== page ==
Book Reviews in Transition: Introducing the New Book and Media Review Section
Book reviews are opportunities. In the 21st century, reviewing the information and ideas that educators, researchers, and theorists publish and present in a variety of print and other media allows both the reviewer and the reader to explore and contextualize new thoughts, directions, and visions within past and current practice and knowledge. As Suzanne SooHoo suggested in 2006 when the Issues in Teacher Education book review section was inaugurated, such reviews become the stimulation for dialogue, discussion, and intellectual conversation that "allow educators to maintain currency... in order to inform their teaching and scholarly work" (SooHoo, 2006, p. 77).
Some have suggested that book reviews-and reviews of all media-are becoming passé in the era of blogs, Facebook, and other social media (Hoffert, 2010). Within the professional press and our various professional communities (East, 2011; SooHoo, 2006; Wulfermeyer, Sneed, Riffe, & van Ommeren, 1989), however, reviews are recognized as an eloquent means of beginning and continuing important discussions about the ways in which we understand, articulate, debate, and make sense of current scholarship, the political climate in which we live, and the ways in which theory and practice come together to influence and impact all aspects of schools, schooling, and the preparation and continuing assessment of teachers.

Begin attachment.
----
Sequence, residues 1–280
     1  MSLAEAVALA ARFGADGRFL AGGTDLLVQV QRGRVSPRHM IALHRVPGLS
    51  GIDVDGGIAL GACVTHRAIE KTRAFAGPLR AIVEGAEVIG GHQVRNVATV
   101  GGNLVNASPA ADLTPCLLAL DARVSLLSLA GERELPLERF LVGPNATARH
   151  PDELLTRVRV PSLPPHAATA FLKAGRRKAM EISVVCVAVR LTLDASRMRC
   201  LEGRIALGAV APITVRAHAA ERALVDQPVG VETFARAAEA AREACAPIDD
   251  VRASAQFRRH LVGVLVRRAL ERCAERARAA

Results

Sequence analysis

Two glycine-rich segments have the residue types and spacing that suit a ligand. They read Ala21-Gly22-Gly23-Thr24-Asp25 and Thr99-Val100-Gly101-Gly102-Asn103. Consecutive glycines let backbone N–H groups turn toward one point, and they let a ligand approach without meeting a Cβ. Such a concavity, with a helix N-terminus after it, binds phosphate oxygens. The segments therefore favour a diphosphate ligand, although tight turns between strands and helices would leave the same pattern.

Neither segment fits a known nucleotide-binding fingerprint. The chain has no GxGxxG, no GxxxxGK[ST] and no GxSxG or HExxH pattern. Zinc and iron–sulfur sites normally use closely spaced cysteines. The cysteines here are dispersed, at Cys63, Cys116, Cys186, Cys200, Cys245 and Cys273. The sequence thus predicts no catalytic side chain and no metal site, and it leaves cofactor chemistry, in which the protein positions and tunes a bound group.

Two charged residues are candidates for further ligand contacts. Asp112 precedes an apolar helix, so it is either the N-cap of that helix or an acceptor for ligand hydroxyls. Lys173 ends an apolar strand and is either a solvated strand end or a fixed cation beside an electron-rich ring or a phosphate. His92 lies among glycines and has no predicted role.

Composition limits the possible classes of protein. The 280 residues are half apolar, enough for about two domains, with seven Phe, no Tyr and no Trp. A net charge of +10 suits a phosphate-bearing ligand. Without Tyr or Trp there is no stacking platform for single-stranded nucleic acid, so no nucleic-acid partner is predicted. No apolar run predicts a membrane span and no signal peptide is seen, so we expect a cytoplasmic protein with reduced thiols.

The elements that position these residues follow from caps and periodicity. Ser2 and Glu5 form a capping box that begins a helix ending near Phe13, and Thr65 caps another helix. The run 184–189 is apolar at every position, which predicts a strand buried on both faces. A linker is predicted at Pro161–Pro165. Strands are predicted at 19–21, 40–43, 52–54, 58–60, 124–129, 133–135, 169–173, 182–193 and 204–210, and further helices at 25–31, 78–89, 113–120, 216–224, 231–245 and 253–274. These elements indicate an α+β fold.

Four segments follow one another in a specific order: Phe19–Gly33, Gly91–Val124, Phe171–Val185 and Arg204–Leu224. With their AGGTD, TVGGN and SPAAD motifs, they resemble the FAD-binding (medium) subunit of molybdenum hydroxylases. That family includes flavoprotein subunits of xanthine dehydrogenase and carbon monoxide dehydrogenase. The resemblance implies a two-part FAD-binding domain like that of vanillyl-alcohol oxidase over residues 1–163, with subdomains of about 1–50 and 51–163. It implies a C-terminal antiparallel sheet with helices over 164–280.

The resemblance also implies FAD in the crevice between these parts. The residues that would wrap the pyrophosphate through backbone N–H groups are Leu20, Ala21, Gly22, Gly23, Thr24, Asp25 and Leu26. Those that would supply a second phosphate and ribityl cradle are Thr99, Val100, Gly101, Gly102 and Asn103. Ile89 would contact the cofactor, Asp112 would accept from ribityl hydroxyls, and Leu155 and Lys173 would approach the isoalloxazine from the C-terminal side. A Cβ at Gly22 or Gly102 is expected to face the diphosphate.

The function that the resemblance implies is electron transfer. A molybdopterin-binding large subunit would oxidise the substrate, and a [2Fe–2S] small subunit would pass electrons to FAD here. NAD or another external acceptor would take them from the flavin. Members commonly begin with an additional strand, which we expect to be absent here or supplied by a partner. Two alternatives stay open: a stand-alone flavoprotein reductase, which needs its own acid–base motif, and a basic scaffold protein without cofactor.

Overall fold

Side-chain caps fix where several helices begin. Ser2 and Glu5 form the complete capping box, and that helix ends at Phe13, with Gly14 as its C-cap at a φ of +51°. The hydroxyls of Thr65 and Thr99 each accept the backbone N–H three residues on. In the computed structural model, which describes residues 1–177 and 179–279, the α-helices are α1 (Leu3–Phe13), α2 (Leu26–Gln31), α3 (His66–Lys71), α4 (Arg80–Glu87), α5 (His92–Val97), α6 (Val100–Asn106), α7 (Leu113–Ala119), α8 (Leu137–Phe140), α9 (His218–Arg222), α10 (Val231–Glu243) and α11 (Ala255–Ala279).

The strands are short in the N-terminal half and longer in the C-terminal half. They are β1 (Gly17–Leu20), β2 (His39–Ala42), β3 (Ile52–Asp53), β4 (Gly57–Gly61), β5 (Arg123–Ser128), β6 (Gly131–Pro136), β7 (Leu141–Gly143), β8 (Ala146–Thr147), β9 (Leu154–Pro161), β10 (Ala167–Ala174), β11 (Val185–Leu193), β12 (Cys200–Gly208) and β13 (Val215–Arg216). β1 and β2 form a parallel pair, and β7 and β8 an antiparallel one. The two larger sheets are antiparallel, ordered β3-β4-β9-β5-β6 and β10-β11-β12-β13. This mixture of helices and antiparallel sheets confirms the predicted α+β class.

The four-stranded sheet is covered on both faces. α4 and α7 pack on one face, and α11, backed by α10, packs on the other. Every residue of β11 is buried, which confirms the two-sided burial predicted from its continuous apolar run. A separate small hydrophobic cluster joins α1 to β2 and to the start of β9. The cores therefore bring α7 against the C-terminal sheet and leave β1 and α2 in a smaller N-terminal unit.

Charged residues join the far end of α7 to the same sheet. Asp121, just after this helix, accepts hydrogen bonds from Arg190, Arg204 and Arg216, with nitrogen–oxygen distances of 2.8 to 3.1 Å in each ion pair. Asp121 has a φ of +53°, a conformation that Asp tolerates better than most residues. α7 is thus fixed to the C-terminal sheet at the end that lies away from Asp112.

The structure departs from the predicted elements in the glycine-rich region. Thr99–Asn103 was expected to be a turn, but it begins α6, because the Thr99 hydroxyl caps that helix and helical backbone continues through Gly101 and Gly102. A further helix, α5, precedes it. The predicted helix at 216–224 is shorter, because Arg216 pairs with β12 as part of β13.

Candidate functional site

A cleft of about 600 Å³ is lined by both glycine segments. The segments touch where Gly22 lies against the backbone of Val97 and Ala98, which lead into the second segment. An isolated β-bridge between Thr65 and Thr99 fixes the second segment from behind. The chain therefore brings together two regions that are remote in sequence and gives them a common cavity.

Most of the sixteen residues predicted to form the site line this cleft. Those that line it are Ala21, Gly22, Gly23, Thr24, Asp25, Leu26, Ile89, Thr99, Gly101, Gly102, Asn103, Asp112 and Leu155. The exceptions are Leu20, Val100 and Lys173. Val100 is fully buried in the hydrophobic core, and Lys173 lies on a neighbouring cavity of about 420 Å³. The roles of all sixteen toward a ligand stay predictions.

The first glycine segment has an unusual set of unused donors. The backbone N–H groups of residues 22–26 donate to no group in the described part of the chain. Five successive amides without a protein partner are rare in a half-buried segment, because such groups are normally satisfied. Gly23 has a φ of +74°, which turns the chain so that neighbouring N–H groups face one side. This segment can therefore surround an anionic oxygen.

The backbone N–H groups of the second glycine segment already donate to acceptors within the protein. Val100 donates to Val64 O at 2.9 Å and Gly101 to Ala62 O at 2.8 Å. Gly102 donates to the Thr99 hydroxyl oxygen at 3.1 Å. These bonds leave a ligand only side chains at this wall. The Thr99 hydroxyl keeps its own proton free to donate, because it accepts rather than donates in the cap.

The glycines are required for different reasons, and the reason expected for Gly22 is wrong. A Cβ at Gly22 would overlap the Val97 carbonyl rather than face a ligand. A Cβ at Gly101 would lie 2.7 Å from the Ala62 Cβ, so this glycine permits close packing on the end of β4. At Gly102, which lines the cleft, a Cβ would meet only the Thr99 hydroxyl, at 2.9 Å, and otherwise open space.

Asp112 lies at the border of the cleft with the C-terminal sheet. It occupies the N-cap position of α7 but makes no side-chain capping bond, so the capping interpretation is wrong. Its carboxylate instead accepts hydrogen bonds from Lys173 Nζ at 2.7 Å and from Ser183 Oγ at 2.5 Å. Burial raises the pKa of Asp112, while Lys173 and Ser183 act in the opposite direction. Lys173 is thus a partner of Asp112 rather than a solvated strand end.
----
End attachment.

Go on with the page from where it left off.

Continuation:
For years, I have relied on book reviews -and, more recently, reviews of a variety of professional media-to help me find the wheat in the chaffand identify the works that will stand the test of time. Important works are meaningful because the authors have built on the knowledge and realities of yesterday and today to create new visions and possibilities while simultaneously articulating the "food for thought" that helps me reconsider what I thought I knew. Both the writing and reading of reviews has become a form of professional development, giving me much to consider and reconsider within the intellectual and academic contexts that influence my practice as a teacher educator.
For all of us, writing a review is a time for personal professional development as the reviewer situates the author's ideas within current practices and research paradigms (East, 2011; Hoffert, 2010; Wulfermeyer, Sneed, Riffe, & van Ommeren, 1989). Graduate students can offer reviews that enable experienced educators to reconsider their pedagogies in light of new educational insights. …